The protein generation method developed by my colleagues and me is conceptually similar to computer vision methods such as Google’s DeepDream, which finds and enhances patterns in images.

These methods work by inverting networks trained to recognize human faces or other patterns in images, such as the shape of an animal or object, so that they learn to recognize those patterns where they do not exist. In DeepDream, for example, the network receives any input images that are adjusted until the network can recognize a face or another shape in the image. While the final image might not look very much like a face to a person looking at it, it would for the neural network.

The products of this technique are often referred to as hallucinations, and that’s how we call our developed proteins.

Our method begins with a random amino acid sequence being passed through a deep neural network. The resulting predictions are initially fuzzy, with unclear structures, as is to be expected for random sequences. Next, we introduce a mutation that converts one amino acid in the chain to another and retransmits that new sequence through the network. If this change gives the protein a more defined structure, we keep the amino acid and introduce another mutation into the sequence.

With each iteration of this process, the proteins approximate the actual shape they would take if made in nature. It takes thousands of repetitions to create a brand new protein.

Using this procedure, we generated 2,000 new protein sequences that were predicted to fold into well-defined structures. Of these, we have selected over 100 that were most evident in the form in order to physically reproduce them in the laboratory. Finally, we selected three of the top candidates for detailed analysis and confirmed that they came very close to the shapes predicted by our hallucinatory models.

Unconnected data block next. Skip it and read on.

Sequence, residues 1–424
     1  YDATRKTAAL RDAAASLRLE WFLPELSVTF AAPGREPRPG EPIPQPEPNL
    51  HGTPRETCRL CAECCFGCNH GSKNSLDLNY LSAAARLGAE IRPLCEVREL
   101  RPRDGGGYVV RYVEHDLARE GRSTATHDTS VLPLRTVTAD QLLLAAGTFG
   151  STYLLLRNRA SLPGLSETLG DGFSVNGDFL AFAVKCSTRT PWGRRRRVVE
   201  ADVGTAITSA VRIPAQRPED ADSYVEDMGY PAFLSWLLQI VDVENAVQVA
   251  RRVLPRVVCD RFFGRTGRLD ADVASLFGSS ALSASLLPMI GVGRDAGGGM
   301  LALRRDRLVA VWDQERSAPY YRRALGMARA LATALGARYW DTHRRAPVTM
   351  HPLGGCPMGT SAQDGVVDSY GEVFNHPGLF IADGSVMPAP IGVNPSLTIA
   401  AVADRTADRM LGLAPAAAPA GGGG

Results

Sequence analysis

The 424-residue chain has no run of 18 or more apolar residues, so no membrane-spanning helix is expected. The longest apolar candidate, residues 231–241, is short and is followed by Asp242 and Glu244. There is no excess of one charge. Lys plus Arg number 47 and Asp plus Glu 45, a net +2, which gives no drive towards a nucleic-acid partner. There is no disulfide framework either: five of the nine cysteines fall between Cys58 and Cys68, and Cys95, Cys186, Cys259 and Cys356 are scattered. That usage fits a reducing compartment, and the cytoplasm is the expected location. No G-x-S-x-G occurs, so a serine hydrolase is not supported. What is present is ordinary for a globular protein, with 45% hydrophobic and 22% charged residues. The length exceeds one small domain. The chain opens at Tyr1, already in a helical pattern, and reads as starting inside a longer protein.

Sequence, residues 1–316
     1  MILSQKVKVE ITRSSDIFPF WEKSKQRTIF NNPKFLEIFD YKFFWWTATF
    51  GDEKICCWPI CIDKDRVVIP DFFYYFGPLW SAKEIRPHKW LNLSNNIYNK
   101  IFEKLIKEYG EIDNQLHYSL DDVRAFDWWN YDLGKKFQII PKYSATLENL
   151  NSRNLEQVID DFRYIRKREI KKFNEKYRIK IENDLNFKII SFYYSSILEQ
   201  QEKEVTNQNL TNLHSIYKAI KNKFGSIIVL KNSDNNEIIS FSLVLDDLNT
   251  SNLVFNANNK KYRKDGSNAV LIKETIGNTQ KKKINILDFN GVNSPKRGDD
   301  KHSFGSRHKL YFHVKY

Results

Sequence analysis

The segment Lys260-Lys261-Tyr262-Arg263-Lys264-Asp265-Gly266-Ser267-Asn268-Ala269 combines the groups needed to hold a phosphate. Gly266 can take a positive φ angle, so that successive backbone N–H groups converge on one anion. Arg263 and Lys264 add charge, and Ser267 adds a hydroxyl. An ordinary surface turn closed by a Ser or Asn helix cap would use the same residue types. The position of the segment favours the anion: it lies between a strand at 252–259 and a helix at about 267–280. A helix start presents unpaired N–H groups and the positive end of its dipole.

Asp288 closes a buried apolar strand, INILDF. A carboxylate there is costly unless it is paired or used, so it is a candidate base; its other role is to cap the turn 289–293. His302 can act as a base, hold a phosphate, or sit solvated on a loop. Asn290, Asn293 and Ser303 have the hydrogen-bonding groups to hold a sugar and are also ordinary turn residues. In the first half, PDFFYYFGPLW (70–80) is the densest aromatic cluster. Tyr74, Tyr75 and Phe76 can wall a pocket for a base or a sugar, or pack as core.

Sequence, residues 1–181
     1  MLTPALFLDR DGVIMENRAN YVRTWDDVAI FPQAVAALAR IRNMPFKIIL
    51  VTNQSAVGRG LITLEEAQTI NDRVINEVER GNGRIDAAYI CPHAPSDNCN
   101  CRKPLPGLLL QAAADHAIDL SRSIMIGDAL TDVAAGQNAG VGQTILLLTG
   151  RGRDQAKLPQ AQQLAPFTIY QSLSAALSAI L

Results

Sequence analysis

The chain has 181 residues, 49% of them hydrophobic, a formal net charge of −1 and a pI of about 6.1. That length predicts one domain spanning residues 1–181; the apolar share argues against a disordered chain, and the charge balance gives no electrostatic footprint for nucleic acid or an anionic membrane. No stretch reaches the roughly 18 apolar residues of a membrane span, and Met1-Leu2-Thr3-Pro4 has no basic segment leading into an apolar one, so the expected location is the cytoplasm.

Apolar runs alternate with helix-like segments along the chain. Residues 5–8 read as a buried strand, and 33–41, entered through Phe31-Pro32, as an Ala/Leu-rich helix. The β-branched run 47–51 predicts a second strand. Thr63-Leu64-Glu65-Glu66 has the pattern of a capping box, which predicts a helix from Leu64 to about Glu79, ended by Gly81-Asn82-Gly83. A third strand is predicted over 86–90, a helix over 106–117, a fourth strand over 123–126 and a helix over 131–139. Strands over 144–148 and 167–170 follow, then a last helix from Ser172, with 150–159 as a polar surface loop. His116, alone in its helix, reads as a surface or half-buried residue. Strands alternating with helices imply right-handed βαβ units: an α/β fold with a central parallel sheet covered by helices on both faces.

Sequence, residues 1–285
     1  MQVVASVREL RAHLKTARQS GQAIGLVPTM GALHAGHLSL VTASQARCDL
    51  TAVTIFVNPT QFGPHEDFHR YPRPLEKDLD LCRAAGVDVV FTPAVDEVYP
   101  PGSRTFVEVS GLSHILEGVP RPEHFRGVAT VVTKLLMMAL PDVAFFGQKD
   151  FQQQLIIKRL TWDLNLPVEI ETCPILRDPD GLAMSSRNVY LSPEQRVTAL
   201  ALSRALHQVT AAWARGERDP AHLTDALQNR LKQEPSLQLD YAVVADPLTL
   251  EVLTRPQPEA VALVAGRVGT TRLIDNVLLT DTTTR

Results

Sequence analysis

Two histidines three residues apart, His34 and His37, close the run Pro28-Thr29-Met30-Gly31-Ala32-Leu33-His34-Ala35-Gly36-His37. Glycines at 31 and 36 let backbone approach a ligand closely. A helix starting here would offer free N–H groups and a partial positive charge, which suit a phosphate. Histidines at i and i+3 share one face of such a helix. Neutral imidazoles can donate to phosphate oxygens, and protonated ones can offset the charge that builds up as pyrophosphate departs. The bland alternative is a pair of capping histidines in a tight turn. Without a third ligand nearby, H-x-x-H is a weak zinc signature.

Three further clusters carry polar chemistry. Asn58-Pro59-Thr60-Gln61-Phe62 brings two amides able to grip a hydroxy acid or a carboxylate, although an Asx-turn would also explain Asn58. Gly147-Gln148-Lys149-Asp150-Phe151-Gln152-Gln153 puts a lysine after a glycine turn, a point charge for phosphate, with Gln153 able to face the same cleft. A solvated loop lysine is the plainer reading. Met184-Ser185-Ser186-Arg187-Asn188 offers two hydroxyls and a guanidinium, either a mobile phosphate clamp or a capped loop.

Why Hallucinate New Proteins?

Our hallucination approach greatly simplifies the protein design pipeline. By eliminating the need for templates, researchers can focus directly on creating a protein based on its desired functions and letting the network do the work to determine the structure for them.

Our work opens up several avenues for researchers to explore. Our laboratory is currently investigating how this hallucination approach can best be used to achieve even more specificity in the function of designed proteins. Our approach can also be easily extended to design new proteins using other recently developed deep neural networks.

The potential uses of de novo proteins are enormous. With deep neural networks, researchers will be able to create even more proteins that can break down plastics to reduce pollution, identify and respond to unhealthy cells, and improve vaccines against existing and new pathogens – to name just a few.

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This article was republished by The Conversation under a Creative Commons license. Read the original article here: https://theconversation.com/when-researchers-dont-have-the-proteins-they-need-they-can-get-ai-to-hallucinate-new-structures-173209.